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How to keep soil in place
Dr. Victor Martin

The drought monitor report wasn’t out as this was written but it’s safe to safe not much has changed in our area. We are still in moderate drought and it has likely intensified. Hopefully the forecasted rain the past several days will make a dent. The six to ten-day outlook (April 30 to May 4) indicates a 80 to 90% chance of likely above normal temperatures and a 33 to 40% chance of leaning to above normal precipitation. The eight to 14-day outlook (May 2 to 8) indicates a 60 to 80% chance of likely above normal for temperatures and a continued 33 to 40% leaning above normal for precipitation. These temperatures, combined with the moderate drought are exactly what we don’t need for wheat and corn/soybean planting. Hopefully, the above normal precipitation happens.  

Last week’s article discussed the wind erosion Western Kansas has experienced this winter/spring. This week the wind was moving soil and turning the sky hazy brown, blowing silt and clay from fields. Today, what can we do to protect this vital resource from wind and water erosion while producing crops?

• First, the easiest, yet most challenging, to keep soil from blowing. Wet soil doesn’t blow. So, naturally precipitation is the easiest way and most unreliable solution. Irrigators have more options. The key here is to minimize unnecessarily losing soil water and to keep it covered. First, minimize tillage or eliminate tillage. For row crops, strip tillage can help. If tillage is needed, and it certainly can be, leave as much residue as practical on the soil surface. Chemical weed control, even with herbicide resistant weeds, is preferable but can be expensive. If tillage is necessary for hard pans and compacted soils, vertical tillage is an option. This helps with wind and water erosion.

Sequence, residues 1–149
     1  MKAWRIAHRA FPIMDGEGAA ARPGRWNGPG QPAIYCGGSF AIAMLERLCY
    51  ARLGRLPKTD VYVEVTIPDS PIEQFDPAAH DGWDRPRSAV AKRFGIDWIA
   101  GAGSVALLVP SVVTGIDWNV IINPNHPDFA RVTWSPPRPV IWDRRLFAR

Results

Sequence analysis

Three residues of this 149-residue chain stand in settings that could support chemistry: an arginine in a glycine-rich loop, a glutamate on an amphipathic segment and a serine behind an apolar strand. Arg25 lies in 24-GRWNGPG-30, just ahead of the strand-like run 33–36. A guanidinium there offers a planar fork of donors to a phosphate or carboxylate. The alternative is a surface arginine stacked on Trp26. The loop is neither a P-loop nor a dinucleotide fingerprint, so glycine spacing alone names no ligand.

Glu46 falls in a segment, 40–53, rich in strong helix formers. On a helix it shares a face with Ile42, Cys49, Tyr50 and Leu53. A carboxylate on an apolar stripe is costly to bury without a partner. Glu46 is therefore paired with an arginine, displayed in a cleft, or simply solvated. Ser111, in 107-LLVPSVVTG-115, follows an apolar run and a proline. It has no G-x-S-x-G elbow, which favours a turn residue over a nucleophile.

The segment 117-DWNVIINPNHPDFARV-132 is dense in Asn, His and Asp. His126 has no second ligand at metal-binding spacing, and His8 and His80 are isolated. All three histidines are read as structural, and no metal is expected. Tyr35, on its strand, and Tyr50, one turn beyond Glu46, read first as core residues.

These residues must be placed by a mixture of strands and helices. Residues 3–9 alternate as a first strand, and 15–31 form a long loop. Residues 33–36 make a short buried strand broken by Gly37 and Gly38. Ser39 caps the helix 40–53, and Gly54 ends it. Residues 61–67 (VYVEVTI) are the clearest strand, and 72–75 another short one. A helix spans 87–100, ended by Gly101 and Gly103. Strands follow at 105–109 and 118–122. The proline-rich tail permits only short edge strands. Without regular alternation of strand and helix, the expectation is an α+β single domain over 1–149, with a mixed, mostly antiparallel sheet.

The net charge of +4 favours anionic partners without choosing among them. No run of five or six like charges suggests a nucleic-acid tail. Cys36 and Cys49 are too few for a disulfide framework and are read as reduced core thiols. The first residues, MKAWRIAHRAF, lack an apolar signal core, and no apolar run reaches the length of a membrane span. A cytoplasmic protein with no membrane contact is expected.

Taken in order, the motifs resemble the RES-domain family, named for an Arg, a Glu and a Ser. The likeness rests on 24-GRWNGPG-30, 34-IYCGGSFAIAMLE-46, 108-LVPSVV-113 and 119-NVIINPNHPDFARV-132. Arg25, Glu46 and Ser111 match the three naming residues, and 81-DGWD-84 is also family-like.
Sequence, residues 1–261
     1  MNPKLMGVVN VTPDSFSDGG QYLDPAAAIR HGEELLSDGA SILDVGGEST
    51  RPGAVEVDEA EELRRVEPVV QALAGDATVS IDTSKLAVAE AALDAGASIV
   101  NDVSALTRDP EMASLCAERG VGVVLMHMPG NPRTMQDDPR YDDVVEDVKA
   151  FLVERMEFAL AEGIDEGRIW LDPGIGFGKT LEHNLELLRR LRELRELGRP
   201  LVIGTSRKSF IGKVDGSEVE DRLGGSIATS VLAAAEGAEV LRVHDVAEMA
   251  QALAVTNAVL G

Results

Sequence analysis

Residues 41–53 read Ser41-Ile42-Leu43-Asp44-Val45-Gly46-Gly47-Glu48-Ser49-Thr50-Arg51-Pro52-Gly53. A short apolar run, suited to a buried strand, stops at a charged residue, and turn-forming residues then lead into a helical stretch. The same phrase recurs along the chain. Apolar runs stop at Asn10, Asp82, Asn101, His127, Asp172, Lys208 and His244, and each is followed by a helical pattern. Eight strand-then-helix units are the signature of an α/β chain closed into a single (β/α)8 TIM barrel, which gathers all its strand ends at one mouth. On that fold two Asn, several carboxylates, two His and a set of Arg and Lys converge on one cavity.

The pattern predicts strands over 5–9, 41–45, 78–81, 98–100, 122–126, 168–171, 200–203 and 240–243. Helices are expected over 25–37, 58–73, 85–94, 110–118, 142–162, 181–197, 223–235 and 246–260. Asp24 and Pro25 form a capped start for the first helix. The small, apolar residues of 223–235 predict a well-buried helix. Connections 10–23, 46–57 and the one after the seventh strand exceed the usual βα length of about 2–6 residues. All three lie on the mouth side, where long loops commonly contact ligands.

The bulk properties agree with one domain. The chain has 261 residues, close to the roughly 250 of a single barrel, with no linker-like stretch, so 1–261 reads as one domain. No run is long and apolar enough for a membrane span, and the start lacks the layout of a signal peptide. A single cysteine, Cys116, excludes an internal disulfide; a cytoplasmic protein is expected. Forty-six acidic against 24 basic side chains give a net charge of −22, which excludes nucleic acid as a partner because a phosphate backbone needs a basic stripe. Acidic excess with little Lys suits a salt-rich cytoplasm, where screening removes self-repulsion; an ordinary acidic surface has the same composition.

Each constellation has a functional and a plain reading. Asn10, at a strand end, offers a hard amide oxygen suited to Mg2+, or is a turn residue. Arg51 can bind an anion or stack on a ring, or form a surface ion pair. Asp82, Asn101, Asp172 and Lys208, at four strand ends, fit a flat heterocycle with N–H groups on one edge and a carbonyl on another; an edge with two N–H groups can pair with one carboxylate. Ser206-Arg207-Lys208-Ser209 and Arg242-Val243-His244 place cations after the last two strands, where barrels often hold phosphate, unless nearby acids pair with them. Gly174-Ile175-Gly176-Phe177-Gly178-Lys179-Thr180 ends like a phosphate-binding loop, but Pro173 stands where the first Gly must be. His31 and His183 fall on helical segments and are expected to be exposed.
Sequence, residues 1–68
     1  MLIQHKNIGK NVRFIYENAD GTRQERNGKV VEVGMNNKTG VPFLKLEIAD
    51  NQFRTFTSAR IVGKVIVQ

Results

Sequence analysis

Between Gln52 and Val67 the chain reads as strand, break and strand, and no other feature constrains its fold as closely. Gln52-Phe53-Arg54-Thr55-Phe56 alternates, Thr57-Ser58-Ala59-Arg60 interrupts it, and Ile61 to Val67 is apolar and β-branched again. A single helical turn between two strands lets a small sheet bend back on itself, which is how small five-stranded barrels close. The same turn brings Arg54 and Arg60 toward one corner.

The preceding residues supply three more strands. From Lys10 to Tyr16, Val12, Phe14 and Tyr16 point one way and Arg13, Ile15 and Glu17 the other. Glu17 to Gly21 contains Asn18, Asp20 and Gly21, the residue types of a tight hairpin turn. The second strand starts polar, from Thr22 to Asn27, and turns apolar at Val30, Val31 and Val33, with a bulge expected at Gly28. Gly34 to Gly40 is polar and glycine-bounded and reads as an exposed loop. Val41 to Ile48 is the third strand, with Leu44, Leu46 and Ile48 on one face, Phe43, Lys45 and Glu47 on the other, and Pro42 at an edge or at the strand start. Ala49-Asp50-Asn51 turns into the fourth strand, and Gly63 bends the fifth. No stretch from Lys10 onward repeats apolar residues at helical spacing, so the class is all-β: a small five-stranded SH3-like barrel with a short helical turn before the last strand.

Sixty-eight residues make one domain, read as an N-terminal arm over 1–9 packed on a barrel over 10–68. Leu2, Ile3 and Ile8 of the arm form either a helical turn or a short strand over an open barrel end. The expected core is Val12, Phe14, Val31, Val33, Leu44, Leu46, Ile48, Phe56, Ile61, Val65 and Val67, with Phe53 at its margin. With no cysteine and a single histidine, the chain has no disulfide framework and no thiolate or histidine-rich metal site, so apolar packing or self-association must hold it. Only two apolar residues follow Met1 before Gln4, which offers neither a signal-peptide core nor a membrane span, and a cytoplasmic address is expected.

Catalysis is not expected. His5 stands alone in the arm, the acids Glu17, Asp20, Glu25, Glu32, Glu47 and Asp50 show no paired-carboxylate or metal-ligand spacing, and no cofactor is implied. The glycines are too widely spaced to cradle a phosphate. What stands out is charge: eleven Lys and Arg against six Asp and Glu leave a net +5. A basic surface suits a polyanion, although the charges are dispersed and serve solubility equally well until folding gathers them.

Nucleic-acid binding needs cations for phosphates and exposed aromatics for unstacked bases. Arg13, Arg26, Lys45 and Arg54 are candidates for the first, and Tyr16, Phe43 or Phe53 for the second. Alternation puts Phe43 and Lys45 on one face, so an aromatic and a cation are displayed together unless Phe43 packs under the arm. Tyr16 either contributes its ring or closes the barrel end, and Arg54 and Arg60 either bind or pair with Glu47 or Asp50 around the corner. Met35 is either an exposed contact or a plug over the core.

• One of the best ways, if possible to keep the soils in place is the inclusion of cover crops. This can be as simple as planting wheat or rye over the winter and terminating it prior to spring planting. There are much more beneficial, and expensive, cover crop blends including various legumes to provide nitrogen for subsequent crops. Another plus to cover crops is grazing livestock. If good cover crops are possible and left in place, it can greatly aid in weed control.  It can also help with the next point.

• Increasing organic matter content, through cover crops or manure, stabilizes soil structure while increasing the water and nutrient holding content of the soil. This takes time and is much easier as tillage is eliminated.  

• Shelterbelts, as old-fashioned as they seem are also effective but they take a great deal of work to establish and maintain. Unfortunately, many have been taken out and other need a great deal of maintenance.

• If the soil is moving and you have subsoil moisture, strips of tillage perpendicular to the wind can help temporarily and can spreading manure on the surface.

• Anything that provides surface roughness and cover helps with erosion.

Dr. Victor L. Martin is the agriculture instructor/coordinator for Barton Community College. He can be reached at 620-792-9207, ext. 207, or